“Dead Giveaway” Chapter 12
Tom was thinking he could take off toward the East again and easily elude Samoza until he could reach a main road. From there he would have to find a way of getting to the nearest telephone.
Just as these plans were loosely formulating in his mind, a searing pain cut across his ribs under his upraised arm. A steel-tipped arrow had slashed through the flesh of his side and pinned his T-shirt to the bark of the tree. Samoza had doubled back. A second shaft penetrated his blue jeans and lodged in the flesh of his left calf, causing him to arch his back and cry out in pain.
Tom pulled frantically on the ropes, struggling with his right leg to gain a foothold on the swaying ladder. He tore the ragged edge of his shirt away from the tree and managed to haul himself back onto the hunters’ platform. A third arrow flew past his ear just as he lunged forward to flatten himself against the plywood deck.
“Now you will surely die, Senor Anglo son-of-a-beetch. You cannot stay there long. Your leg will start to hurt very bad.”
Tom lay glued to the platform. His mind was racing. He was temporarily safe. As long as he stayed flat, Samoza could not get off a good shot at him unless he stood directly beneath him and was able to penetrate the wood of the platform. If that happened, the arrow could lodge in Tom’s chest or his stomach. The wood was inch-thick plywood, but it was badly weathered. Tom didn’t want to have to find out how well it would shield him against a direct shot from below.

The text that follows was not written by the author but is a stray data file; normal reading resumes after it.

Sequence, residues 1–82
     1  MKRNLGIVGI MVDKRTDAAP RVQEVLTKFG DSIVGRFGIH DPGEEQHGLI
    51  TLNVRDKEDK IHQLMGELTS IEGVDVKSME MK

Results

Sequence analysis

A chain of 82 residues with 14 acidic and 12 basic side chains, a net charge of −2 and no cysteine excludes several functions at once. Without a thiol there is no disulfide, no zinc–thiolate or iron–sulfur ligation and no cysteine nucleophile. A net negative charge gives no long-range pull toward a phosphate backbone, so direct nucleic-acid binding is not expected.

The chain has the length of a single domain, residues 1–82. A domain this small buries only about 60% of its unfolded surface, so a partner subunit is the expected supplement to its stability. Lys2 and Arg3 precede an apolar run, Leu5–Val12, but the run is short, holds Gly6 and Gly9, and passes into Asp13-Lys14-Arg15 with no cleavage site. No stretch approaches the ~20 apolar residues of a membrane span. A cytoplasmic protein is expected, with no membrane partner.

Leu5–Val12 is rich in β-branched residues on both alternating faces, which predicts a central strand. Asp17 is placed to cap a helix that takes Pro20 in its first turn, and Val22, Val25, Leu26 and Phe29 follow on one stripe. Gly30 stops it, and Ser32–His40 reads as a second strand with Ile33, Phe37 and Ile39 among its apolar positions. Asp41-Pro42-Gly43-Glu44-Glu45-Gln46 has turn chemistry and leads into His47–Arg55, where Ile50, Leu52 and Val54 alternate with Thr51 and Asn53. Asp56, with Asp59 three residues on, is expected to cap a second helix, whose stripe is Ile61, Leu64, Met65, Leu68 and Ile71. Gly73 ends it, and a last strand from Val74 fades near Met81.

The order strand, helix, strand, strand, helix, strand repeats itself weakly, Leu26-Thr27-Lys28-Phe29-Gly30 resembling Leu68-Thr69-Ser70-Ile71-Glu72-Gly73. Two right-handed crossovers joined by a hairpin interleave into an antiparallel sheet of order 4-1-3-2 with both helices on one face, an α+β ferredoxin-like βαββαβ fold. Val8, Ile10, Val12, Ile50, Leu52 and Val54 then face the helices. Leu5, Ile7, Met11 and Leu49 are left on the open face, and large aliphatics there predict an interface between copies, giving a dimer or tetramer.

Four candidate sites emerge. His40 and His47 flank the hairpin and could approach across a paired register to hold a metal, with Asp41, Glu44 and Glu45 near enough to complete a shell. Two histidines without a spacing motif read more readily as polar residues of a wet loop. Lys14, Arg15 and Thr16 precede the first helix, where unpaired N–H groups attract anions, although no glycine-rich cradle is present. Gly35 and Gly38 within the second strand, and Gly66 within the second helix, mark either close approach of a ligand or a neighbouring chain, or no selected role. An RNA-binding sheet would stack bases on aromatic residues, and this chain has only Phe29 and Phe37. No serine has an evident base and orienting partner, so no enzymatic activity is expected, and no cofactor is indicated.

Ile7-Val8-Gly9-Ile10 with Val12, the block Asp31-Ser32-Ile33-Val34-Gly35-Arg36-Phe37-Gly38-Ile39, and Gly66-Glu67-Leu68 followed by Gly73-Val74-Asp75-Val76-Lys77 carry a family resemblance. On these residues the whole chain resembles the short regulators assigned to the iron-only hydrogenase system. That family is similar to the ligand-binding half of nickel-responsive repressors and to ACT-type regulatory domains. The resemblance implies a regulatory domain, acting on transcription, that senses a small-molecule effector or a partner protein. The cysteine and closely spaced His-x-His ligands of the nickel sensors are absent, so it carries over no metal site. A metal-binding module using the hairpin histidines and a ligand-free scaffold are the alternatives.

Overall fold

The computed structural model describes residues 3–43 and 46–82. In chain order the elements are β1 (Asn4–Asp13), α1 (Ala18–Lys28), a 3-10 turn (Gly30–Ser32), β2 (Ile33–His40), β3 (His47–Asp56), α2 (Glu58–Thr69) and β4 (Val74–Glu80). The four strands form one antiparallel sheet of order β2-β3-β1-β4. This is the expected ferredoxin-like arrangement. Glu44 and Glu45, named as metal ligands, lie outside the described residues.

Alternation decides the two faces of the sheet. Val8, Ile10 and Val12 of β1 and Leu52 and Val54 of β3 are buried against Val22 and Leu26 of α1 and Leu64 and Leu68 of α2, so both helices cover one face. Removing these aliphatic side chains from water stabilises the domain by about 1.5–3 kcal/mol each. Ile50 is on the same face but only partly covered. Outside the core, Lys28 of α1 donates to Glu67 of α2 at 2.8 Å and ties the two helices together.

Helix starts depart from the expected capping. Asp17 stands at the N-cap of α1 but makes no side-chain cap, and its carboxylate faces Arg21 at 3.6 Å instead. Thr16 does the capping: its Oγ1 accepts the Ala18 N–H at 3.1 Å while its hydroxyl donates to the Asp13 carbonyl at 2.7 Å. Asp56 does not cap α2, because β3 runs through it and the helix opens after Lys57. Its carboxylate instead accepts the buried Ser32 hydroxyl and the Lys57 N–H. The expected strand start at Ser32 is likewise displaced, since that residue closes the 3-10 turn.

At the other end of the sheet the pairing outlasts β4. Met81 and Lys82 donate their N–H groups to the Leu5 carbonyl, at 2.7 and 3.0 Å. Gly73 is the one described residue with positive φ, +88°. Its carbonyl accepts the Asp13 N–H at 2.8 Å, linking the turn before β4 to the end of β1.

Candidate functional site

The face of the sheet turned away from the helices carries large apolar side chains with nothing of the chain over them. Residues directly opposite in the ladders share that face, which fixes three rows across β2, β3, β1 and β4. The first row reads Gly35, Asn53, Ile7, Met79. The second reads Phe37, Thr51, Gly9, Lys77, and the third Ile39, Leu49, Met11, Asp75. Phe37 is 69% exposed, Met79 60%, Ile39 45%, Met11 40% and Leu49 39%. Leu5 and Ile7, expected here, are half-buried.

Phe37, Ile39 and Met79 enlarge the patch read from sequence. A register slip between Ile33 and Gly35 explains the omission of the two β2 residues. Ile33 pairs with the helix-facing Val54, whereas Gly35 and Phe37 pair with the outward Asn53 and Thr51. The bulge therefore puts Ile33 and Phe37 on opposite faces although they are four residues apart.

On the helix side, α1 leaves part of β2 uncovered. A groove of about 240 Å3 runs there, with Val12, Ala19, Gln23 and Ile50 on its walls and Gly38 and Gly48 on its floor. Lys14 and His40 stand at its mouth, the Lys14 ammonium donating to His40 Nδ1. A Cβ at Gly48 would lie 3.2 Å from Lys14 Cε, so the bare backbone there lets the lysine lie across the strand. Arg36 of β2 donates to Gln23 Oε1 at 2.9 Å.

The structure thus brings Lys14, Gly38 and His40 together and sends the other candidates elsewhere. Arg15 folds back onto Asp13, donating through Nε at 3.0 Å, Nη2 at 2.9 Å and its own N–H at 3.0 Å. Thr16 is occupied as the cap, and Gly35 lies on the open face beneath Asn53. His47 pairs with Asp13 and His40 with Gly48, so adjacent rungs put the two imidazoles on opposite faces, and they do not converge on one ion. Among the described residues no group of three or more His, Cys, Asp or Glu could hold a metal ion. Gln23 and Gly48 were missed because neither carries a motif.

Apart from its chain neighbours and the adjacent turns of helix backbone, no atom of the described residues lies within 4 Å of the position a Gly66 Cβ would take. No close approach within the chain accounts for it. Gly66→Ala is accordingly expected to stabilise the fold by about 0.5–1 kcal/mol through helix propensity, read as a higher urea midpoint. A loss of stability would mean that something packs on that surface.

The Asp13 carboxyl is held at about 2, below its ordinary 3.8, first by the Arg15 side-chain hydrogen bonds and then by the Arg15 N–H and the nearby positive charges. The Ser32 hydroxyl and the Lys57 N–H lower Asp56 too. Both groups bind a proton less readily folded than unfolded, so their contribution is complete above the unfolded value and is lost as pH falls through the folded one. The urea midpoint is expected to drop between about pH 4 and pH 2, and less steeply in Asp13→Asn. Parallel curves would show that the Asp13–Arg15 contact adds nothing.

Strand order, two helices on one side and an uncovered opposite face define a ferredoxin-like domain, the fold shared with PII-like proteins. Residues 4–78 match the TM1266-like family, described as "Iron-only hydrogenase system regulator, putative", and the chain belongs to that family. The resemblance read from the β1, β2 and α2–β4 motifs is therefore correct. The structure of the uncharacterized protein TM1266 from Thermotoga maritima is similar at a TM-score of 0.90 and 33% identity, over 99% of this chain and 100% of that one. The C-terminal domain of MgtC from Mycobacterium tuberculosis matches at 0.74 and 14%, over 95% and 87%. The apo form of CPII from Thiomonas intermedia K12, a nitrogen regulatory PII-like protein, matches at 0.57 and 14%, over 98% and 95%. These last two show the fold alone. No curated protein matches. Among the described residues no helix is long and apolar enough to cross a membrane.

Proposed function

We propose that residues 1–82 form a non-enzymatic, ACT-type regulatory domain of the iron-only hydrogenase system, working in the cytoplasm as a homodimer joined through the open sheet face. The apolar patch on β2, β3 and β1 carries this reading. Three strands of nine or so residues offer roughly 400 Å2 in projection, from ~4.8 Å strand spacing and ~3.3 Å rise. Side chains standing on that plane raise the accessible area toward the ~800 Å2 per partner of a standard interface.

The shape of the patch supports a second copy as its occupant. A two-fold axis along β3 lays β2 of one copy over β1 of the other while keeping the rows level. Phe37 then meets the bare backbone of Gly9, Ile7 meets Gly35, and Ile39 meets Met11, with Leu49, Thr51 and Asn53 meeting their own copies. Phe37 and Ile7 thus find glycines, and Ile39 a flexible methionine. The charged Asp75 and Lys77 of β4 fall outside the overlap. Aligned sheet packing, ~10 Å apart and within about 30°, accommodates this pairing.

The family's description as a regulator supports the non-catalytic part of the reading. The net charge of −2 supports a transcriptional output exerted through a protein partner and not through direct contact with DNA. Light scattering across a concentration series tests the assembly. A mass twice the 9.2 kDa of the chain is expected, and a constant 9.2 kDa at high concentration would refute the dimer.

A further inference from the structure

“Why don’ you sit up, Mister — See how bad your leg is. Maybe it’s worse than you think.”
Samoza was right. Tom’s leg was starting to ache fiercely.
Samoza slowly circled the tree looking for a shot. The idea of a direct shot from underneath apparently had not occurred to him. He seemed to be counting on Tom’s wounds either slowly killing him or prodding him into some desperate move that would leave him open to another shot. Meanwhile, Samoza continued his taunts from which he obviously derived much pleasure.
“How is the pain, Senor? Don’ worry. It will grow worse. My poor arrows. They are dirty. Maybe you will get the gangrene.” He chuckled self-confidently, enjoying his own joke and his mastery of the situation. “I don’ care if Tino Ortega says to go slow. Tino doesn’ go to jail if you tell the police what you saw. Besides he doesn’ pay me enough to ki’nap a senator’s kid anyway. An’ you know you mus’ pay for the death of my fren’ Alejandro. That is not Tino’s business to control. It is only right, senor.”
“Where is she?” Tom called down to Samoza, his voice muffled because he dared not raise his head.
“The senator’s daughter? That is none of your business, senor.”
Samoza stepped close to the trunk of the tree. With his free hand, he pulled on the rope ladder as if testing it, but he didn’t try to climb it. Then he stepped backward again to the middle of the clearing. Tom had lifted his head slightly to see where Samoza had gone when he moved out of sight.
“Oh, oh, oh, Senor. You had better watch out. I could have had you that time,” he jeered as Tom ducked back to his prone position.